“You know, I didn’t give myself a lot of pressure – well,
I always give myself a lot of pressure – but I didn’t give myself any more
pressure than when I was working on the songs for Forget. A lot of my
friends actually came out and were like, ‘I don’t think you’re going to be able
to top Forget, blah blah blah; It’s such a great album.’ A lot of people
were like, ‘Hey, are you worried? Forget is such a distinct record!’ And
I think it was just them trying to say, ‘Hey, don’t fuck this up!’ But I don’t
know. [For me] the pressure only comes really when you’re about to finish: ‘Did
I do my best? Is everything down here that I want to be?'”


Confess also feels more alive: Lead single
“Five Seconds” features booming percussion, animalistic yelps, and
hilariously overdriven, “Owner of a Lonely Heart”-styled electric
guitar crunch. The funky, bass-heavy “Beg for the Night” explodes
into a wide-screen chorus of layered vocal harmonies. Meanwhile, the soothing,
exotic ambience and elegant keyboard layers on opener “Golden Light”
recall the textured glory of Peter Gabriel, one of Lewis’ early musical


“The only kind of music that my parents and myself and
my sisters agreed on – when we bought our first CD player, [Peter Gabriel’s
1986 album] So was one of the first records that was kind of enjoyed by
the whole family. My sisters had Jagged Little Pill, which I hated. And
there was the John Fogerty… but Peter Gabriel, everyone could kind of get
down with.”


Confess‘ blaring, windows-down surge was also,
fittingly, inspired by Lewis’ obsession with the open road, and with two very
important motorcycle excursions: One ride from several years earlier resulted
in a terrifying crash; the other – a 100 MPH free-fall into pure mental exhilaration
– indirectly kick-started a burst of creativity.


Lewis wrote vividly about the two events on his Tumblr
mind was clear. I inched toward 100 on the speedometer and punch the last five.
TON UP! My mind is filled with words. My heart is full of love. This is where i
want to be. I want to stay here, and I want to tell you everything”), and
it’s a decision he now regrets: “Everybody’s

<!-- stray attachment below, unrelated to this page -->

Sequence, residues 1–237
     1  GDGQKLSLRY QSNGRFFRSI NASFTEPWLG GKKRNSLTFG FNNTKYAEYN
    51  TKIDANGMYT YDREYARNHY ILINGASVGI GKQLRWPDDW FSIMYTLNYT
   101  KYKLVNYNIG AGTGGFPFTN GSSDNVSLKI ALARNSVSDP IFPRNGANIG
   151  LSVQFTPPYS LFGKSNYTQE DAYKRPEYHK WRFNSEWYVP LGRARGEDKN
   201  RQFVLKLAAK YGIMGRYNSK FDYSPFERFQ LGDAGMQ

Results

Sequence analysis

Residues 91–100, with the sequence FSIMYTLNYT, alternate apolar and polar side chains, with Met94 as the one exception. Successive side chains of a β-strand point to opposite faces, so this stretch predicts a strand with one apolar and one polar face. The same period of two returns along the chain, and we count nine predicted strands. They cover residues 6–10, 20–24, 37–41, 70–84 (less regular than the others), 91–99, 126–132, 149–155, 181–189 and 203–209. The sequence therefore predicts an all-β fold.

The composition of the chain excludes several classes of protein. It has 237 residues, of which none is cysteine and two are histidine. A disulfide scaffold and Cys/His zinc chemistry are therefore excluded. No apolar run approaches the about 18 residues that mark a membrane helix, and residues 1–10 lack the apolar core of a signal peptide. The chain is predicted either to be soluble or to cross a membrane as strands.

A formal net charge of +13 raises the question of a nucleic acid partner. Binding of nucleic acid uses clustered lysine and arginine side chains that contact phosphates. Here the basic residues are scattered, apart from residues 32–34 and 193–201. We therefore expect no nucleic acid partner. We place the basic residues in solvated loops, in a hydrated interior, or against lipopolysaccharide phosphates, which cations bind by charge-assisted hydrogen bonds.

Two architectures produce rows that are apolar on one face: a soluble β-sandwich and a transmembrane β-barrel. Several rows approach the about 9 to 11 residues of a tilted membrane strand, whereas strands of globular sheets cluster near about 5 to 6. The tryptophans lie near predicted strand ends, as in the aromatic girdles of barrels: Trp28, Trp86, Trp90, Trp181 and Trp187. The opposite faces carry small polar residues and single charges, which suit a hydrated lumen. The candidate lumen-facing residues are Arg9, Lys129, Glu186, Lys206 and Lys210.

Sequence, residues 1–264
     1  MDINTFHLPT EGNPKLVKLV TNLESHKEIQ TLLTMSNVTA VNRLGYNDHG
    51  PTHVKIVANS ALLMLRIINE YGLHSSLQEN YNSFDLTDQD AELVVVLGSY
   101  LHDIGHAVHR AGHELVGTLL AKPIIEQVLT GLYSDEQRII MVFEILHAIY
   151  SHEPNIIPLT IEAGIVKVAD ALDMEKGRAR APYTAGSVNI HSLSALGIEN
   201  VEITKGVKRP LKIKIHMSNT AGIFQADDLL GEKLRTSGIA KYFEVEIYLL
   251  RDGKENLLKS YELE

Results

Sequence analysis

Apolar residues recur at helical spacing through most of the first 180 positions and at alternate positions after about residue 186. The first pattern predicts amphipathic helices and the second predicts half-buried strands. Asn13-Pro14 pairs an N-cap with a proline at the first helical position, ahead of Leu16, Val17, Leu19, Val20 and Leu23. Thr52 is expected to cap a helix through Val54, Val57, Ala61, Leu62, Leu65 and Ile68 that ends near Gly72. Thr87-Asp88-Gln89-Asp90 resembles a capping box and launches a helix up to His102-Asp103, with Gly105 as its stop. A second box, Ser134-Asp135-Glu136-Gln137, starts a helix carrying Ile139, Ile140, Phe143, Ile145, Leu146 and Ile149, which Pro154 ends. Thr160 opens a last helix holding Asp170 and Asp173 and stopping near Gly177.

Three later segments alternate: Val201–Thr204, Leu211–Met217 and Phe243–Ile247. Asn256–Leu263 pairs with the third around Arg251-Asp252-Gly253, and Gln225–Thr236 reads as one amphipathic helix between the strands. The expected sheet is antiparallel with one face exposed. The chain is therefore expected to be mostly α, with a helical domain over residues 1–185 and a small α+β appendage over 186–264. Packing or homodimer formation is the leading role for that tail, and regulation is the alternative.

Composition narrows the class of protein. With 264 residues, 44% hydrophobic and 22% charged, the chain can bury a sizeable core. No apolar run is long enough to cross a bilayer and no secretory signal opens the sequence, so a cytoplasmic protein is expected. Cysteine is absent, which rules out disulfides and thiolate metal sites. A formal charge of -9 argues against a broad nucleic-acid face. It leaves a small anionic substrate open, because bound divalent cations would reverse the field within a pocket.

been asking me about that, but I guess it’s my own fault,” he laughs.


But even if Lewis
romanticized his own experiences for the sake of a sonic narrative, it’s easy
to understand in the context of Confess‘ impressive scope:
“I think it was a reaction to – I rarely listen to Forget, but when
I did, I realized how ‘boxy’ it is. Everything was kind of stuck inside a very
specific meter in a way. And I just wanted to kind of break free, and have a
lot more of the mistakes rhythmically, showing. And just have it sound a little
more natural, I guess, and a little more human.”


Synths sound like atom bombs. Guitars punch directly in the
gut. Most noticeably, the rigid drum machine rhythms of his debut have been
almost entirely replaced by live percussion, including several moments of
jolting marching band samples.


“I think just the keyboard player, Wynne Bennett, and I
– we talked a lot about, while we were out on the road, how we really love
drumlines and step team music, and how we’ve always wanted to be in a
drum-core, like an all-black drum-core kinda thing. So I think going into it,
we were just really excited by that kind of thing. And also, growing up in
Florida, you can’t really get away from going to football games with drum lines
that take themselves really seriously and put on a great show. So I’ve always
experienced that, and I kinda made a conscious decision to not use drum
machines on the record, and that was kind of where we went with it, I


“I just wanted to kind of break free,” Lewis
reflects, a sudden burst of energy undercutting the grogginess. “And just
have it sound a little more natural, I guess, and a little more human.”



Leave a Reply